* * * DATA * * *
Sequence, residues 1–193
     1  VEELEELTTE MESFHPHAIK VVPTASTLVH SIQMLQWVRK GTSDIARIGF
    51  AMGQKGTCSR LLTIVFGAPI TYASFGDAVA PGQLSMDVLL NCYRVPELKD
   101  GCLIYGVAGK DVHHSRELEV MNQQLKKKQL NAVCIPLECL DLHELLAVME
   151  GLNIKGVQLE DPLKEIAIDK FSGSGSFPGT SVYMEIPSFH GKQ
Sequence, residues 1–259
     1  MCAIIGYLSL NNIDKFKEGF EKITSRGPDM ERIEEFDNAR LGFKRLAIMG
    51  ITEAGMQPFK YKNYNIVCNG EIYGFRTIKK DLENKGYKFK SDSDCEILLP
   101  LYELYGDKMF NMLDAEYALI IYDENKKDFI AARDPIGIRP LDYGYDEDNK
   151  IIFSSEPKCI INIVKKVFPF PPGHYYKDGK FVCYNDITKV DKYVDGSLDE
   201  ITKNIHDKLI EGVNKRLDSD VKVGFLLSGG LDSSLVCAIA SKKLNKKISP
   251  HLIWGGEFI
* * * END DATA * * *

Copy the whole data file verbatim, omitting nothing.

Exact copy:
Sequence, residues 1–193
     1  VEELEELTTE MESFHPHAIK VVPTASTLVH SIQMLQWVRK GTSDIARIGF
    51  AMGQKGTCSR LLTIVFGAPI TYASFGDAVA PGQLSMDVLL NCYRVPELKD
   101  GCLIYGVAGK DVHHSRELEV MNQQLKKKQL NAVCIPLECL DLHELLAVME
   151  GLNIKGVQLE DPLKEIAIDK FSGSGSFPGT SVYMEIPSFH GKQ
Sequence, residues 1–259
     1  MCAIIGYLSL NNIDKFKEGF EKITSRGPDM ERIEEFDNAR LGFKRLAIMG
    51  ITEAGMQPFK YKNYNIVCNG EIYGFRTIKK DLENKGYKFK SDSDCEILLP
   101  LYELYGDKMF NMLDAEYALI IYDENKKDFI AARDPIGIRP LDYGYDEDNK
   151  IIFSSEPKCI INIVKKVFPF PPGHYYKDGK FVCYNDITKV DKYVDGSLDE
   201  ITKNIHDKLI EGVNKRLDSD VKVGFLLSGG LDSSLVCAIA SKKLNKKISP
   251  HLIWGGEFI